Movement of Jah people

How Jewish people came to be engaged in plantation slavery in the Caribbean is a rather long and complicated story. The Tribunal of the Holy Office of the Inquisition, more popularly known as the Spanish Inquisition, launched a holy war against non-Catholics in 1480. Jews and Muslims were the targets of attack. The tribunal was not abolished until 1834, the very same year that slavery was outlawed in the British Caribbean.

Muslims from North Africa, who were called Moors, had invaded the Iberian Peninsula in 711 and occupied it for almost 600 years. The Spanish Inquisition was a belated attempt to purify the land of 'foreign' religions. Many Jews supposedly converted to Christianity but practised Judaism in secret. The Alhambra decree, issued in January 1492, put an end to the pretence. It demanded the expulsion of Jews.

Columbus' 'discovery' opened doors of opportunity for Jews expelled from Spain and Portugal. Many Sephardic Jews went to Brazil where they made fortunes in plantation slavery. According to Ralph Bennett in an essay, 'History of Jews in Brazil', "It is believed that the first sugar cane was brought by a Jewish farmer from Madeira to Brazil in 1532. Sugar cane became the foundation of the Caribbean economy for several centuries."

At the end of the 15th century, the Pope had imperiously divided the 'New' World between the Spanish and the Portuguese. The grasp of the Inquisition reached Jews in Brazil. Many were again forced to convert to Catholicism. But in 1630, the Dutch West India Company captured the city of Recife in the north of Brazil and the religious freedoms enjoyed in Holland were extended to the colony. Jews could now openly practise their religion.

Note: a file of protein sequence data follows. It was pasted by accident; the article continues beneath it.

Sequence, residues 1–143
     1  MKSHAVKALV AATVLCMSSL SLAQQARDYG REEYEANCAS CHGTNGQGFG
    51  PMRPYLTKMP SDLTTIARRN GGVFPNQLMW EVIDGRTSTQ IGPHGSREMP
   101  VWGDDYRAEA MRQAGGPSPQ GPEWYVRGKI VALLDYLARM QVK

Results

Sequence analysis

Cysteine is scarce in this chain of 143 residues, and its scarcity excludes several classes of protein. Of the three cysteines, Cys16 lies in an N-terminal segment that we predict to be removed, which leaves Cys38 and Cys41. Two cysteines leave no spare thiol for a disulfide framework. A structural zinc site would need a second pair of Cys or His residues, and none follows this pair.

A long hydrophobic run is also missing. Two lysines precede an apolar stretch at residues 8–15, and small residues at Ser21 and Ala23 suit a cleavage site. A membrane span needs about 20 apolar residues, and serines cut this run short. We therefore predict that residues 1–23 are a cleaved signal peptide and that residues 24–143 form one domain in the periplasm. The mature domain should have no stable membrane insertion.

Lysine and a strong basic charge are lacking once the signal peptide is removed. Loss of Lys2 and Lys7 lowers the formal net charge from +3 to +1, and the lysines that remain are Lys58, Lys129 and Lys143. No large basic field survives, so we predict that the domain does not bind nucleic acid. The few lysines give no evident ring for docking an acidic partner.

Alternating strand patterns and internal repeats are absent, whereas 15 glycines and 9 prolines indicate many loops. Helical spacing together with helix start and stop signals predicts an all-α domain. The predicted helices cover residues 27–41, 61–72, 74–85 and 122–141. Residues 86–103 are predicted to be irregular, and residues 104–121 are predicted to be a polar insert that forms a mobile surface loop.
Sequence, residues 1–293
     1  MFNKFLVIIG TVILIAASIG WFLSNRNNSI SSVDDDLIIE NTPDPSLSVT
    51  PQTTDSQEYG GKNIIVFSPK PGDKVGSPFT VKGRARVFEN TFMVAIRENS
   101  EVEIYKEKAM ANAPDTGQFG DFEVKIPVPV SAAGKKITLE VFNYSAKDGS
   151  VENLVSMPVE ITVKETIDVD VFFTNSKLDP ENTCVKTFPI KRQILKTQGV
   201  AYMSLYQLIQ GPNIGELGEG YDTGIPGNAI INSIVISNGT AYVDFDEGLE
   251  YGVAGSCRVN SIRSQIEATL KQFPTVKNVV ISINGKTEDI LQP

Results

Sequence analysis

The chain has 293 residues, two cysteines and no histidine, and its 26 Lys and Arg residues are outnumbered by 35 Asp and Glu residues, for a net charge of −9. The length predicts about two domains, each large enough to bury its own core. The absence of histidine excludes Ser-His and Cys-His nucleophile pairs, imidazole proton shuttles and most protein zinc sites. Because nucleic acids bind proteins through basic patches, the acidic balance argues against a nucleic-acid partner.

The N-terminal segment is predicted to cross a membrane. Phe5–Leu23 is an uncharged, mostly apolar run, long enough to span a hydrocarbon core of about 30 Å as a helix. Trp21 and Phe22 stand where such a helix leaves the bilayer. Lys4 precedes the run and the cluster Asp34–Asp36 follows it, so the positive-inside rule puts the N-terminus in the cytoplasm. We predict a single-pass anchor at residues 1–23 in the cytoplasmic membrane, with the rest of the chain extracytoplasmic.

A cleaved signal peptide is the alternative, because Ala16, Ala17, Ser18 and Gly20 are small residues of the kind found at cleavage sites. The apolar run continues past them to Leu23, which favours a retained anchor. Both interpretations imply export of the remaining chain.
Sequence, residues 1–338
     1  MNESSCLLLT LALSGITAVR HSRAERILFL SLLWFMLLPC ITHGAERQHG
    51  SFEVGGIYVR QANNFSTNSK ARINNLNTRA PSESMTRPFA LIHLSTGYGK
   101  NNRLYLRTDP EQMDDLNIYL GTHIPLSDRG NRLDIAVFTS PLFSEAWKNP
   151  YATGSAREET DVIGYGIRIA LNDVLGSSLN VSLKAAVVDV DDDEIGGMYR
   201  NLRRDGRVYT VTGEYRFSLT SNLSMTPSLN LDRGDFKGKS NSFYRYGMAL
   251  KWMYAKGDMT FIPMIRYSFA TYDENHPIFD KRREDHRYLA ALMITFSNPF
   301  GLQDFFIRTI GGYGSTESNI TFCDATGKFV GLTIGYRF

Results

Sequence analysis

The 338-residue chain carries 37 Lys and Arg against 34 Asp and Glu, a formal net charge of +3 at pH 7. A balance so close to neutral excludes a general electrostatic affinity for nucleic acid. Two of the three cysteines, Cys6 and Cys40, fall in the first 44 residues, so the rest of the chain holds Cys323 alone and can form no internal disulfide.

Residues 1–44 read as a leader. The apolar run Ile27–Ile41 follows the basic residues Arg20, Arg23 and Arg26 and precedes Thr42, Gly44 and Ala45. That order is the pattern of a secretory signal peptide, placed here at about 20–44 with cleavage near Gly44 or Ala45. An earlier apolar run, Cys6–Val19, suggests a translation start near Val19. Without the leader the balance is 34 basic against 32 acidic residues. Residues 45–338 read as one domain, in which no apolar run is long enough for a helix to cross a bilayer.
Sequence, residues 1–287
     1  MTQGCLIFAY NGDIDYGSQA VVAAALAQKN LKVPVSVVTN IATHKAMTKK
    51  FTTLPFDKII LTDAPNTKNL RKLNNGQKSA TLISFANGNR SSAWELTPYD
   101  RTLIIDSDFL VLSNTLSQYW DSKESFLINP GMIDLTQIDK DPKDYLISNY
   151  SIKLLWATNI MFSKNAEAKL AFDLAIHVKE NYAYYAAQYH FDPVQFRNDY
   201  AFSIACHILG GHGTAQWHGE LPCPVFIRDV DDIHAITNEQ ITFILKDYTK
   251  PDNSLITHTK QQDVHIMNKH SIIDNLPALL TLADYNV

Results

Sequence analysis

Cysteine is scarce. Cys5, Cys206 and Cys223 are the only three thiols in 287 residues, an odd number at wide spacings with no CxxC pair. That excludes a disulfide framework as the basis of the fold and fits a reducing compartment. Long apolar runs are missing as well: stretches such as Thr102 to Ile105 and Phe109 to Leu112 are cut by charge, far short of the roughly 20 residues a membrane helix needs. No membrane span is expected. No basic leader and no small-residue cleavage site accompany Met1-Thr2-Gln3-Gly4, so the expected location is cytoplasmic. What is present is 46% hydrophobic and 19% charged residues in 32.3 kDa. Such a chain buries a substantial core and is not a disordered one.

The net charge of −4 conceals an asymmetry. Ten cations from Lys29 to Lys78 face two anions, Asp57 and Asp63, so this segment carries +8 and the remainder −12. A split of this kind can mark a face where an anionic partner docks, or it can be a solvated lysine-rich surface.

But freedom was short-lived. In 1645, the Portuguese launched war against the Dutch and reclaimed Recife in 1654, round about the same time that Jamaica became a British colony. Jews expelled from Brazil made their way to the Caribbean, first to Barbados and then Jamaica, taking with them the capital and technology of sugar production.

Historian Karl Watson notes that: "Barbados presented opportunities for trade. By the mid-17th century, it was quite apparent that the English experiment in creating colonies in the West Indies for the export of tropical crops was working exceptionally well in Barbados. These newcomers were well placed to exploit this burgeoning sugar economy as part of their extensive Sephardic trading network extending from the Atlantic to the Indian Ocean."

The Jewish exile in the Caribbean enabled the transatlantic trade in enslaved Africans and the migration of waves of indentured labourers from Europe and Asia. This is the other half of the Jamaican Jewish story that must be told. 'Jack Mandora, mi no choose none.'

Carolyn Cooper is a professor of literary and cultural studies at the University of the West Indies, Mona. Visit her bilingual blog at http://carolynjoycooper.wordpress.com/. Email feedback to columns@gleanerjm.com and karokupa@gmail.com.